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    1. I have had a few wine and chocolate and bed days. Only for me it's vodka and Twizzlers.

      And yes, I actually have to tell myself to chill sometimes, especially when I'm in a funk or PMSing. I have a lot of friends who are doing really well in life, and while I am so, so happy for them, I have to admit the envy shows up now and then.

      It's good to remind ourselves that there is always stuff we can't see....

      Thanks for reading!

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  7. A very nice read. I imagine every generation has a version of this. (How about before telephones existed at all?) We all have had the same childhood: Some fun, some pain, some love, some magic, some disappointment. Always not enough of the good stuff and too much of the other. A time we can't wait to escape--until we do.

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    1. YES. I was explaining this post to one of my best friends, who doesn't do ANY social media, including reading blogs ;) We had a good laugh over what our moms and grandmas would say about all of this..."Why, we didn't have remotes when we were young parents! And we only had 4 channels!". Actually, that was my childhood.

      Of course you are 100% right. And stop making me cry...I love that last line: A time we can't wait to escape- until we do. I might have to borrow that.

      Thanks so much for reading, and for chiming in!

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    2. I think we (as in you and I and all bloggers) see a lot of this stuff than the "normal" non blogging population. Sometimes it's easy to forget that things aren't as fishbowl-esque in the non-blog world. Though I know Facebook is a microblog of sorts.

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  8. I'm a stay at home mom to my 3 yr. old daughter and somehow have avoided any guilty feelings stemming from social media. I go on FB and read some mom blogs, but if I ever come across a "perfect" looking post, I disregard it as I would like, a Cosmo magazine... fake crap. I kind of feel bad for any moms stressing out over creating elaborate projects. I'll readily admit I'm a "sit on the park bench and talk" type, just telling the kids to go play by themselves. I think it's good for them and feel like I'm being a good parent!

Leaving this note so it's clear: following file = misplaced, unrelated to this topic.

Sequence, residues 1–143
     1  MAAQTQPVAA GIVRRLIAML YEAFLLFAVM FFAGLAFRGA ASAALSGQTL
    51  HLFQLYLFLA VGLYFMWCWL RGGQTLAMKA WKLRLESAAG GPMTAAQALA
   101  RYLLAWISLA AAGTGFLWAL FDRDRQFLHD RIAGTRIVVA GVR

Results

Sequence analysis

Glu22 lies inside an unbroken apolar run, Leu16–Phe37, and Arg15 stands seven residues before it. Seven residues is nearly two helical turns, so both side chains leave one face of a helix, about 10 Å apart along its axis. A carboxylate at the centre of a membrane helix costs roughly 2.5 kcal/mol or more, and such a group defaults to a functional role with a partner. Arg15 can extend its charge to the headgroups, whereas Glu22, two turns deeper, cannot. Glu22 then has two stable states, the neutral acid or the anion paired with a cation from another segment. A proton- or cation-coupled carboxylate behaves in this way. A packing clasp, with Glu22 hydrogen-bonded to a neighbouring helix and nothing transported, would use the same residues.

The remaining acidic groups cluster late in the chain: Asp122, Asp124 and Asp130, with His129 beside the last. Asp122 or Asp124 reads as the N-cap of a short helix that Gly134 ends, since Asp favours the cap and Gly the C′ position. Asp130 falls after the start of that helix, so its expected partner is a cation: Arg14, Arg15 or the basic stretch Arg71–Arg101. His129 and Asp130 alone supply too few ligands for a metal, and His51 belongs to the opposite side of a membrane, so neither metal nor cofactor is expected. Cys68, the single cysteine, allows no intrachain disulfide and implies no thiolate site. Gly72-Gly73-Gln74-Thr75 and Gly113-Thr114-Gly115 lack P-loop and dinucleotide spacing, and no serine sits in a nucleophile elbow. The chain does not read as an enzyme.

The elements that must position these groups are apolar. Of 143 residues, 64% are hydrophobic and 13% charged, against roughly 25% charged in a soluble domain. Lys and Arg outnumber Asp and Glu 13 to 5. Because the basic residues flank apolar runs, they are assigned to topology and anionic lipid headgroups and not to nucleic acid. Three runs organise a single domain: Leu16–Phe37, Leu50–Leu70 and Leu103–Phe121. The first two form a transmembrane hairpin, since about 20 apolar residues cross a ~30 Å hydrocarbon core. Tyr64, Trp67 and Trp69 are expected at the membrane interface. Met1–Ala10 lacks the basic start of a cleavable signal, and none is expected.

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    1. Good way to look at it, FVM. And speaking as a "sit on the park bench and talk" mom, I'd say you are definitely being a good parent. It's important to let kids socialize on their own...within shouting distance, of course. But they need to learn how to initiate play, negotiate and settle minor conflicts without a parent hovering over them. :)

      Thank you for reading!

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  9. My only qualm is that now mom's who do enjoy crafts thematic parties and instagram are being shamed for doing so. I am a stay at home mom and enjoy making things with my son. ,We had a great where the wild things are 1st birthday party with home made crayons Max crowns and other thematic nonsense. Am I spoiling my child am I causing undue feelings of inadequacy in other moms?? I don't think so. Frankly I'm tired of all these parenting blog posts that tell us what not to do and what to do in such dramatic fashions. I'm pretty sure balance is the key to joy and if someone wants to judge me for taking cute pictures of my son playing with home made playdough or for the needle felted doll I made for his birthday go ahead. Bottom line is do your best at being an engaged loving parent and forget about the rest of it.

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    1. Hey Jessica, I'm hoping you didn't get any shame or judgment from what I wrote. Totally not my intention. For what it's worth, I also made crayons for my kids, we had the SWEETEST Max from Where the Wild Things Are Costume (wish I could post pics in the comments). In my opinion, you are doing the opposite of spoiling your son. You're giving him a really awesome gift.

      As far as the feelings of inadequacy in other moms, frankly, that's always on them (present company included, because yes I feel inadequate quite a bit..only now it's over nice vacations and being able to take my kids on a billion college visits). You and all the other creative, crafty mamas keep right on doing it. I teach preschool, and I'm constantly on Pinterest looking for cool ideas for the classroom. So I love that there are women like you out there!